Clerical staff shoulders load for critical results reporting

2011 01 11 17 47 25 118 01 10 4240 06 Cmyk 394

How does a radiology department in a large children's hospital with nine offsite imaging locations manage urgent and critical results reporting efficiently? Researchers from Cincinnati Children's Hospital describe how they do it in an article published online this month in the American Journal of Roentgenology.

The Ohio hospital manages the process through a centralized physician customer service department operating 16 hours a day, seven days a week. Customer service representatives in the department answer calls to the radiology department and convey radiology results, freeing radiologists to perform other tasks (AJR, January 2011, Vol. 196:1, w48-w51).

The authors note recent studies indicating that poor communication of results is a causative factor in 70% to 80% of malpractice lawsuits. In many cases, radiologists attempted to contact referring physicians but did not document their communication.

To improve communication, Cincinnati Children's created the customer service department in August 2005, and the hospital linked department staff to the department's workflow via an interface between its workflow management software and clinical order-entry system.

Referring physicians are able to request that they be personally notified of exam results, regardless of the findings or level of urgency. When such a request is made, a telephone icon in the worklist indicates that the ordering physician wants to be notified personally of the results. As soon as findings are dictated and the report is electronically signed, an entry is added to the notification worklist managed by the customer service department.

When an entry is opened, a form displays the name and telephone number(s) or other contact preferences information, such as a pager or fax number, and the contents of the complete report. The form has fields for the staff to document in detail all communication attempts, and a date-time stamp is automatically added to each entry.

2011 01 11 17 47 25 118 01 10 4240 06 Cmyk 394
Button strip at the top of patient files to request doctor-to-doctor communication or telephone notification of report. Clock indicates that patient is waiting. Reprinted with permission from Towbin AJ, Hall S, Moskovitz J, Johnson ND, Donnelly LF. Creating a comprehensive customer service program to help convey critical and acute results of radiology studies. AJR 2011; 196:158' [web]W48-W51.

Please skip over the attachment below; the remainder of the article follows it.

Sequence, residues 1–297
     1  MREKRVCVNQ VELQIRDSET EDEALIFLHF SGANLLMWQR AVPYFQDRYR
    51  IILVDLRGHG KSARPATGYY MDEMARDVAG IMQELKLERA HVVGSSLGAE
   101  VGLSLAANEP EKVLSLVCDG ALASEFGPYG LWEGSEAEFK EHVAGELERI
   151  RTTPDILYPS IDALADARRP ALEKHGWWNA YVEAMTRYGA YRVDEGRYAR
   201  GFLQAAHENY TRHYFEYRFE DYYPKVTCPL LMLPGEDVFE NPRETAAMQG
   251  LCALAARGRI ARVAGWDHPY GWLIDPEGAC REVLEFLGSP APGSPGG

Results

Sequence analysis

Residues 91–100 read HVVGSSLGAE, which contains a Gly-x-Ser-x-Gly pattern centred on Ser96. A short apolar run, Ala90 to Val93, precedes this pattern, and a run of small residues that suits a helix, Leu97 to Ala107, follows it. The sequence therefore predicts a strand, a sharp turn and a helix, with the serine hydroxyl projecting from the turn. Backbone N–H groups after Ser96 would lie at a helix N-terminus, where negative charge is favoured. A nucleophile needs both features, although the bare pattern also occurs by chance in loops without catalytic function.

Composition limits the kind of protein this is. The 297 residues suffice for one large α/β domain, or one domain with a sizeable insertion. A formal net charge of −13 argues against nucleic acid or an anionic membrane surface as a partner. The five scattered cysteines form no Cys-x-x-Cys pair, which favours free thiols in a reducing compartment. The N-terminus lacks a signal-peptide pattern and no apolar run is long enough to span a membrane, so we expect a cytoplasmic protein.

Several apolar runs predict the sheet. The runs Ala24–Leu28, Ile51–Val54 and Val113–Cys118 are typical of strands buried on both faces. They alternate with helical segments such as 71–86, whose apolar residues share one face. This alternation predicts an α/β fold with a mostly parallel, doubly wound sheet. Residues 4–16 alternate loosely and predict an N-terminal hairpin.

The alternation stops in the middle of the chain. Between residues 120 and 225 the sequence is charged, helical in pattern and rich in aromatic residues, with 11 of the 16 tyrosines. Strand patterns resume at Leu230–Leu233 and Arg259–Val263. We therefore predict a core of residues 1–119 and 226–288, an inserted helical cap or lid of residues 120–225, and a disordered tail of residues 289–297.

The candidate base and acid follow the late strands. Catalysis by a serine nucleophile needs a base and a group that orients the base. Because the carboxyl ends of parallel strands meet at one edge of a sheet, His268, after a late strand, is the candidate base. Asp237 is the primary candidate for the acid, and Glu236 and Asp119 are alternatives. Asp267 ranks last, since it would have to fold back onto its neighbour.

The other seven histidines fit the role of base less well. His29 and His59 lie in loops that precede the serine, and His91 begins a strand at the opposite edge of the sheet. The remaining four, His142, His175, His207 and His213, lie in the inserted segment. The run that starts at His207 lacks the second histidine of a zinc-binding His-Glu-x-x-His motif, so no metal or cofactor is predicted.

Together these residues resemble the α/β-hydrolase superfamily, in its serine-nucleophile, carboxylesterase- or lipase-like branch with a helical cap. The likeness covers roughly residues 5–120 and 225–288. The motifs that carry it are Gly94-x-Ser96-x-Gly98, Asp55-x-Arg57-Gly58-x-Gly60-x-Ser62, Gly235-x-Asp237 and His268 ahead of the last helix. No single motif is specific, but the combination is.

The clerical staff communicates reports of urgent and unexpected critical findings by phone or fax. They also communicate report results of radiology exams for which an ordering physician has requested personal notification. This represents 12% to 14% of the total number of exams performed annually, which in 2010 was approximately 225,000.

When a radiologist activates a symbol that indicates he or she needs to speak personally with the referring physician, the customer service department is the single source for placing and receiving calls. This is efficient for referring physicians, who call a central telephone number, and for radiologists, who are not interrupted until the physician is on the line.

Lead author and pediatric radiologist Alexander Towbin, MD, and colleagues acknowledge that the cost to staff and operate the physician customer service department is not unsubstantial. However, in the opinion of radiologists, the benefits outweigh the costs.

"The cost is offset by the improved efficiency of radiologists, who are the most expensive part of the workflow chain," Towbin said. "Customer service representatives, who are entry-level employees, relieve radiologists of some of the administrative tasks, allowing them to maximize their time reading imaging studies, conducting research, and teaching."

By Cynthia E. Keen staff writer
January 12, 2011

Related Reading

Critical results reporting process improved in Ky., November 18, 2010

What clinicians want in a critical results reporting system, November 18, 2010

System automates delivery of nonurgent findings for rads, October 15, 2010

Critical results reporting -- it's cheaper than settling lawsuits, June 5, 2009

Copyright © 2011

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